Why You Should Ditch the Scale and What You Should Do Instead

You know the feeling all too well. You did great last week. You worked out hard. Really hard. You worked out even when you didn't feel like it. Your food diary was glowing with good choices. You meal prepped like a boss. You skipped the lunch out with coworkers at the burger joint, packed a salad every day and ate a balanced healthy dinner every night. You skipped the candy jar and passed on the birthday cake. You killed it! But then you stepped on the scale and the number flashing up at you seemingly wasn't reflecting all your hard work from the week. Your heart sinks. What gives? 



A healthy weight loss goal is 1-2 pounds per week on average over time. Any more than two pounds per week and you are likely losing muscle along with fat which can be detrimental to your metabolism. 

A 1-2 pound per week goal doesn’t mean that you should expect to lose two pounds every single week. Weight loss rarely happens in a straight line. With exercise and a small reduction in calorie intake you can probably expect to lose between 12-20 pounds in 12 week period as an average. That doesn’t mean there won’t be weeks when you don’t lose any weight or even gain a pound on the scale. The important thing is to watch the downward trend over time rather than obsessing over the number week to week. 

Practice patience and consistency. Life is not a 12 week challenge. This isn’t the Biggest Loser, this is your life. (News stories were reporting that most of those contestants put the weight back on anyway due to the unhealthy way they lost it.)


You focus too much on the number on the scale from week to week.


Be consistent with your healthy habits and lifestyle changes. Focus on the process. Give it time.



The problem with focusing too much on a goal weight is that the scale only tells one small piece of the story. A mistake that a lot of people make is that they focus on weight loss rather than fat loss. Muscle and fat weigh exactly the same, of course. One pound of fat = one pound of muscle. However, muscle is much more dense and takes up a lot less space in your body. If you are losing fat but gaining muscle, the number on the scale may stay the same, but you may wear a smaller pant size. Focus on fat loss and lean muscle gains. Alter your body compensation by exercising and eating healthful foods.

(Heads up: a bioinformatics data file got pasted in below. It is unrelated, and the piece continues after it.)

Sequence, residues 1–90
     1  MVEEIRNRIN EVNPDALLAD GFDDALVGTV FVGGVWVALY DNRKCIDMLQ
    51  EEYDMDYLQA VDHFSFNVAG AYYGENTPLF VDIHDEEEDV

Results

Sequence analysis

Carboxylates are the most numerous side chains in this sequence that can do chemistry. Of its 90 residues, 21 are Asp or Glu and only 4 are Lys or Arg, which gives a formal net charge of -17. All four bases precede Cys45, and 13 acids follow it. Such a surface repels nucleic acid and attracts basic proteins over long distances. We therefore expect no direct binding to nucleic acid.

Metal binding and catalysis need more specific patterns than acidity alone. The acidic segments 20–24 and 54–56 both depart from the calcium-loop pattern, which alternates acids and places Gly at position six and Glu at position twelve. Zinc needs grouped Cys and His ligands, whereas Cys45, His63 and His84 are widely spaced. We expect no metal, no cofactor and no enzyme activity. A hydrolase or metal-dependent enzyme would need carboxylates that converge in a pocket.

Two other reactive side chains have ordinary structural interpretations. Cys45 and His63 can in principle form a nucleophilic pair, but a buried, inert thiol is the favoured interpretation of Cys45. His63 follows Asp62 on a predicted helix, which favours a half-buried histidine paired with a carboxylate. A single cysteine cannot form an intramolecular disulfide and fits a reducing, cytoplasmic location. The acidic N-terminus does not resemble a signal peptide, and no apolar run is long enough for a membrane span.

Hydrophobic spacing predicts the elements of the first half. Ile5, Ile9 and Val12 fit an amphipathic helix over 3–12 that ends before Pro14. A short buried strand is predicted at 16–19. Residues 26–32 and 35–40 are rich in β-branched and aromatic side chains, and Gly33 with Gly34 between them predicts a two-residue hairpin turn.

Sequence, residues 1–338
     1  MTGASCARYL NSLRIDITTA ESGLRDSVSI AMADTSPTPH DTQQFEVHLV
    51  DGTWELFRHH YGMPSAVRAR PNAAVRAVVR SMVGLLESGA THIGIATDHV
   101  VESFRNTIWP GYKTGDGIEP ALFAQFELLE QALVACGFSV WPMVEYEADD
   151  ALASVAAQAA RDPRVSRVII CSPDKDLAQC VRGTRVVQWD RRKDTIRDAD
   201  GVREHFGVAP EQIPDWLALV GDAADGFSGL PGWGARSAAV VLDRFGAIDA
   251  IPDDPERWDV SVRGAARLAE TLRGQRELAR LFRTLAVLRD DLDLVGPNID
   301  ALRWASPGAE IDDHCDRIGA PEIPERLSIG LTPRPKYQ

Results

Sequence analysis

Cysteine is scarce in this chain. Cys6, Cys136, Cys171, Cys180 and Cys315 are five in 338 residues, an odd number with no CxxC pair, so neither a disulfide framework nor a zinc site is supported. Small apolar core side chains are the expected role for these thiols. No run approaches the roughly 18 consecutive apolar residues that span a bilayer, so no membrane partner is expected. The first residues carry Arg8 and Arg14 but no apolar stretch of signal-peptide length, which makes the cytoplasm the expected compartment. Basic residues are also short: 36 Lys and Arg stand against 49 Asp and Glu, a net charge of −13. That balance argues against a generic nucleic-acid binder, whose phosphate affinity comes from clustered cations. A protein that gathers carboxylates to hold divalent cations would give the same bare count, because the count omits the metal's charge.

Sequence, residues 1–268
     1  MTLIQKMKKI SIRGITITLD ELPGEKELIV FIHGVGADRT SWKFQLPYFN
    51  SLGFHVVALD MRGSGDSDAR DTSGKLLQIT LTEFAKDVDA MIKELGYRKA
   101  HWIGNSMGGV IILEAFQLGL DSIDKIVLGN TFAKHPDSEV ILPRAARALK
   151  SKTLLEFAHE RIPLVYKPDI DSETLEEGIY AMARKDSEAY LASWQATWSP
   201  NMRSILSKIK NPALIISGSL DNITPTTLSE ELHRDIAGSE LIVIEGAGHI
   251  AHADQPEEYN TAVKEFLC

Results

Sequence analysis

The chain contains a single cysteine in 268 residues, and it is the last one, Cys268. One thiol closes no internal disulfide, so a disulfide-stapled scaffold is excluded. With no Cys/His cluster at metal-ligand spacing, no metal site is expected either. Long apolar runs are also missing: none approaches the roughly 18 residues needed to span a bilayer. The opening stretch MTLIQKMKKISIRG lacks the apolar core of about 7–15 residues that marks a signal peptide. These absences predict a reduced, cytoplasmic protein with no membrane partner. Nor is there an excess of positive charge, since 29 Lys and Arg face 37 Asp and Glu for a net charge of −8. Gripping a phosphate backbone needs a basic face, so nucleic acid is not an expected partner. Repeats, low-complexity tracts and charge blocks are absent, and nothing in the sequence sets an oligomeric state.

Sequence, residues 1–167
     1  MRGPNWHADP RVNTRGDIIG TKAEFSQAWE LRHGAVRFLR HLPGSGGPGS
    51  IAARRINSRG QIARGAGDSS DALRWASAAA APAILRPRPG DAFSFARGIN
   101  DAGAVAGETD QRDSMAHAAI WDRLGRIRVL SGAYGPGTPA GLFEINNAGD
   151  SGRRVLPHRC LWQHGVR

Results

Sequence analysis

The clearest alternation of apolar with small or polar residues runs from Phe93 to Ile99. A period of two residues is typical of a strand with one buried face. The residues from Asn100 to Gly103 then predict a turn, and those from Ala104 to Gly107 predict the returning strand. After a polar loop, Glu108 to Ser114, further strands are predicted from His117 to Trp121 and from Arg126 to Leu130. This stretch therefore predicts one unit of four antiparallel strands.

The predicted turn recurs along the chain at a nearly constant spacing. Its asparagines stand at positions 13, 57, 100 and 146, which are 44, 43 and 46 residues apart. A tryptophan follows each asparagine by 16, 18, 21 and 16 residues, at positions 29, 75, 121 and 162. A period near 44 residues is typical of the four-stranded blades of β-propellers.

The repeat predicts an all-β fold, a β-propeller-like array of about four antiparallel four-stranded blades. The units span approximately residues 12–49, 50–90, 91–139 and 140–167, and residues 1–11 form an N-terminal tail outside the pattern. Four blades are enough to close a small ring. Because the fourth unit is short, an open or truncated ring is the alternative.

If you lose too much weight too quickly, you are almost certainly losing lean muscle along with fat. Someone who is too focused on scale weight may be thrilled to see a lower number but the truth is that it could be a bad thing if they are also losing muscle. 


You are more worried about weight loss than fat loss.


Forget weight loss and focus on fat loss. Track your fat loss progress by measuring your body fat percentage and taking body measurements. Perform weight bearing exercises to build and preserve lean muscle and do a mixture of moderate and high intensity cardiovascular exercises to burn fat.



Some people decide on an arbitrary number they want to reach on the scale and won’t be satisfied until they reach it, but you can’t bully your body into cooperating with your unrealistic goals. If we focus on fat loss and other non-scale victories then we can find success regardless of the number on the scale. How do you feel? How well are you sleeping? How do your clothes fit? How are your energy levels? How has your athletic performance improved in sports and in life? Can you carry the groceries from the car to the house without trouble? Can you chase the kids (or dogs) around the back yard or climb the stairs without getting winded? These are all non-scale victories that deserve to be celebrated. What if you had positive responses to all the above questions but your scale weight stayed the same? That would be great because it would prove that your hard work is paying off. You are now healthier, more athletic with improved body composition. 


You can’t see past the scale to appreciate the successes in non-scale victories.


Keep track of non-scale improvements as diligently as you are watching your scale weight.

In the end the number doesn’t matter. It’s great to have fat loss goals and fitness goals, but picking a number that you think you should weigh and then going after it by any means necessary is unhealthy. A healthier alternative is to learn to love movement, healthy foods and find joy in the process and see where it takes you.

People who have a healthy relationship with the scale should continue to use it as one of the many tools they use to track progress. However, if you struggle with scale or become obsessed or discouraged with your scale weight, then I recommend you ditch the scale and never look back. 

Any of this sound familiar? Any questions? Let me know in the comments. 

Like this post? It helps me when you share!


Would you like help losing fat and building muscle? Check out my personal training services page. 

Coach Lea

I am a NASM personal trainer and RRCA adult distance running coach that specializes in strength training for runners. I offer in-person training in the Shredshed, online training and Fit to Run bootcamps. If you are interested in a more in-depth running or strength training plan, please contact me. Have questions? I'd love to help. 

While I am a certified personal trainer, I am not your personal trainer. Since I don't know your exercise abilities, injury background or medical history, please see your doctor before beginning any new exercise program.